Bleeding Schlappen Leech

Bleeding Schlappen Leech – Darren MacEachern

Leeches are a staple food item for trout in lakes and streams. I have often heard them described as dessert for feeding trout. This pattern came about because I wanted a heavier version of a Woolly Bugger with out adding lead or expensive metal beads. In bright sunny conditions, this pattern glows due to the silver-lined beads. While glass beads don’t weigh much, the amount used in the pattern creates a quick sinking treat for trout. I tie this in a light tan, purple, and olive as well as the black.

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Bleeding Schlappen Leech
Bleeding Schlappen Leech

The Bleeding Schlappen Leech
Originated by Darren MacEachern
Tied by Darren MacEachern

Hook: 4xl streamer hook size 2 – 12.
Thread: Black 8/0 (70 Denier)
Tail: Black Marabou
Body: Red Silver-lined Glass Beads
Hackle: Peacock Black Schlappen

Bleeding Schlappen Leech - Step 1
Bleeding Schlappen Leech - Step 1

1. De-barb the hook and slide on 5-6 red silver lined beads. De-barbing the hook helps the beads slide onto the hook a lot easier. You may be able to slide the beads over the barb if you want to keep the barb.

Bleeding Schlappen Leech - Step 2
Bleeding Schlappen Leech - Step 2

2. Push all of the beads forward. Tie on your thread behind the last bead, and wrap towards the bend of the hook creating an even thread base. Do not build up too much bulk, as you will need to push the beads over this section.

Bleeding Schlappen Leech - Step 3
Bleeding Schlappen Leech - Step 3

3. Tie in a clump of marabou at the bend of the hook. It should extend about the length of the hook shank. Use close touching wraps to tie down the marabou to the beads.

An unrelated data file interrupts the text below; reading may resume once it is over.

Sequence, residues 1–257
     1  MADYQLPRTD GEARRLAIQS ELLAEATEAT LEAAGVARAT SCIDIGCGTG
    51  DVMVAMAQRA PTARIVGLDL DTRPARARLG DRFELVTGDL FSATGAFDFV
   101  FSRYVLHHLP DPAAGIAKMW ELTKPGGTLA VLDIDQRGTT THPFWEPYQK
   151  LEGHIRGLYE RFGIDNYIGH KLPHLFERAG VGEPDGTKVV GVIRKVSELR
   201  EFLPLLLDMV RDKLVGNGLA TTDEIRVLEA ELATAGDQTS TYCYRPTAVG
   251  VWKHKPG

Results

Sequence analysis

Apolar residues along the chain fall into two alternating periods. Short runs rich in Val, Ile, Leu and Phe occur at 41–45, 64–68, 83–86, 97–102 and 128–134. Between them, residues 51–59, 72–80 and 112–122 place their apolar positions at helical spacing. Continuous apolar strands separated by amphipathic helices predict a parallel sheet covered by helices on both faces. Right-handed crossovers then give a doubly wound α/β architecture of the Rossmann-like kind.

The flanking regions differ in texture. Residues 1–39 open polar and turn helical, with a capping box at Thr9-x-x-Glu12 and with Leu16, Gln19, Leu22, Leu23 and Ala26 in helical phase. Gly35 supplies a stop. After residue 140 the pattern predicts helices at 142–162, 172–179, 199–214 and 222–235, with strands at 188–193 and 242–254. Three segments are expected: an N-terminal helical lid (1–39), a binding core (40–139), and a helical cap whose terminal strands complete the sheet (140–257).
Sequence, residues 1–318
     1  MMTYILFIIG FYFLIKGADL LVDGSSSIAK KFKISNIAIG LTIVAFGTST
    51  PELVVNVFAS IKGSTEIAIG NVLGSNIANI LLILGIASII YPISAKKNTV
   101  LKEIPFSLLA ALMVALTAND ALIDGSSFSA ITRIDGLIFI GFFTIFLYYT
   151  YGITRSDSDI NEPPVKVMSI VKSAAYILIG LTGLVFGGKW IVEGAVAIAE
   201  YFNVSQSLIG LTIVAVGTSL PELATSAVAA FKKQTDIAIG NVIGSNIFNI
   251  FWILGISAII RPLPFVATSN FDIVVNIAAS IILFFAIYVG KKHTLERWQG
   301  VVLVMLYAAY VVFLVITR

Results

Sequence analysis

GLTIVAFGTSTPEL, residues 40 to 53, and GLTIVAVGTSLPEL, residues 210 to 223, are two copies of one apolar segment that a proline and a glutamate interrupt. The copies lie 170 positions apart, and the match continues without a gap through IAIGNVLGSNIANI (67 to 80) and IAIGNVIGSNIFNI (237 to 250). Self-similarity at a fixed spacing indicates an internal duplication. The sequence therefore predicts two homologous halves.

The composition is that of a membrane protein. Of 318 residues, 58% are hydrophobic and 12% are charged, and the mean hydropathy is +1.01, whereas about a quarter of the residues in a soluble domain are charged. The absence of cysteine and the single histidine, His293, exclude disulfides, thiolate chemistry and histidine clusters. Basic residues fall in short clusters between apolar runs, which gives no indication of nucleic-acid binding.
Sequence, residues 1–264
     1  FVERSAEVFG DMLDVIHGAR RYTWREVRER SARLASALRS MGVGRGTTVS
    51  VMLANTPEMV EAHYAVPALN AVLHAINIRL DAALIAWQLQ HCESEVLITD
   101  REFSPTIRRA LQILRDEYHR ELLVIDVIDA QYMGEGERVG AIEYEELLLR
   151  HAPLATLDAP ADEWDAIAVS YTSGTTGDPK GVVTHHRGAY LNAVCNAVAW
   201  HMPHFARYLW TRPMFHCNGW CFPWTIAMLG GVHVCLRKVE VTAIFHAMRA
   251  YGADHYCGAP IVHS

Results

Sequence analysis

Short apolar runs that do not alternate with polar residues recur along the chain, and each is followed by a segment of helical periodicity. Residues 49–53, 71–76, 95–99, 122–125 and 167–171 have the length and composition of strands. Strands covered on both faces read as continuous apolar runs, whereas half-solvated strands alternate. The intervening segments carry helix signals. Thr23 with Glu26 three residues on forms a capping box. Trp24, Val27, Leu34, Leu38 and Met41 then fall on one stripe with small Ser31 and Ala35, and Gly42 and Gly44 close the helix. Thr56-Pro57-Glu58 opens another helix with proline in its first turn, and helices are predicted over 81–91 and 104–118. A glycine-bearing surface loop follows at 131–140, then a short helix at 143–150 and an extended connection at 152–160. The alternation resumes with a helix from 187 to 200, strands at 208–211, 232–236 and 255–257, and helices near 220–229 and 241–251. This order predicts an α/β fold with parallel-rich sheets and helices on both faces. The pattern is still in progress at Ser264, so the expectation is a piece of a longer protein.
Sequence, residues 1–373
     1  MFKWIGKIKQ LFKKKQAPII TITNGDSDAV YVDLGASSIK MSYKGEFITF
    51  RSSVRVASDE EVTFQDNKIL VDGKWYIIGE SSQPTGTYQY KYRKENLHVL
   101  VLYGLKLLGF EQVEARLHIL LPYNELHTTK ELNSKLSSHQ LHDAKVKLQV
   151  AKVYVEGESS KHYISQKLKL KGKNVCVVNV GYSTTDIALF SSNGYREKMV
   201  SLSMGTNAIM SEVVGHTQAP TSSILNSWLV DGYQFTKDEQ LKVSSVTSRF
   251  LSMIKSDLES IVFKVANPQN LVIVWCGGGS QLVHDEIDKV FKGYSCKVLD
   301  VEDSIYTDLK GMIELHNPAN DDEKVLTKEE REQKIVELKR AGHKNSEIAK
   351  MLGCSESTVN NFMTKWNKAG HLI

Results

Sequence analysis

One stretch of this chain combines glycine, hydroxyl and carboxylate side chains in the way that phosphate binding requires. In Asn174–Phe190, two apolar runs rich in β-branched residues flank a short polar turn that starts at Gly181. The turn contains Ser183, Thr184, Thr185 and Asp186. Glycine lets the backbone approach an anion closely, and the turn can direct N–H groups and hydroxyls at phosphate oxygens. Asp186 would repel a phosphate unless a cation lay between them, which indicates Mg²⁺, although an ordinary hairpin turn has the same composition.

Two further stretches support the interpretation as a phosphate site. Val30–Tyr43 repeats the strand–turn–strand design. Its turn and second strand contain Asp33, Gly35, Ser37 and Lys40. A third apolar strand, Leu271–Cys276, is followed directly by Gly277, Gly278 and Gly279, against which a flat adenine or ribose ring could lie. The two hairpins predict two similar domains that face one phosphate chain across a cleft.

Bleeding Schlappen Leech - Step 4
Bleeding Schlappen Leech - Step 4

4. Wrap your thread back to the tail. Push the bead back towards the hook bend. They will need to go back over the tied down marabou. The goal is to create enough room behind the eye to tie in the second hackle.

Bleeding Schlappen Leech - Step 5
Bleeding Schlappen Leech - Step 5

5. Next, prepare a natural black or a dyed black schlappen feather by stroking the fibers towards the base of the feather, leaving a small section intact at the tip. With the tip forward. Make sure to tie the hackle so that when it is held vertical, the natural curve of the feather points to the rear of the fly.

Bleeding Schlappen Leech - Step 6
Bleeding Schlappen Leech - Step 6

6. Trim off the tip of the tied in feather, and begin wrapping the schlappen forward. Pull the schlappen fibers backwards as the feather is wrapped forward. This will create a smooth collar with all of the fibers sweeping towards the back of the fly. Whip finish the hackle, and trim the thread. Add head cement for durability.

Bleeding Schlappen Leech - Step 7
Bleeding Schlappen Leech - Step 7

7. Re attach the thread in front of the beads and wrap backwards to tighten the beads together. You can build a small bump here to secure the beads in place.

Bleeding Schlappen Leech - Step 8
Bleeding Schlappen Leech - Step 8

8. Prepare a second black schlappen feather, and tie it in by the tip near the eye of the hook. Secure the feather to the beads.

Bleeding Schlappen Leech - Step 9
Bleeding Schlappen Leech - Step 9

9. Trim off the tip of the tied in feather, and begin wrapping the schlappen forward. Pull the schlappen fibers backwards as the feather is wrapped forward. This will create a smooth collar with all of the fibers sweeping towards the back of the fly. Trim off any excess feather.

Bleeding Schlappen Leech - Step 10
Bleeding Schlappen Leech - Step 10

10. Create a neat head and whip finish the fly. Add head cement for durability. For an added touch, you can give the fly a red head.

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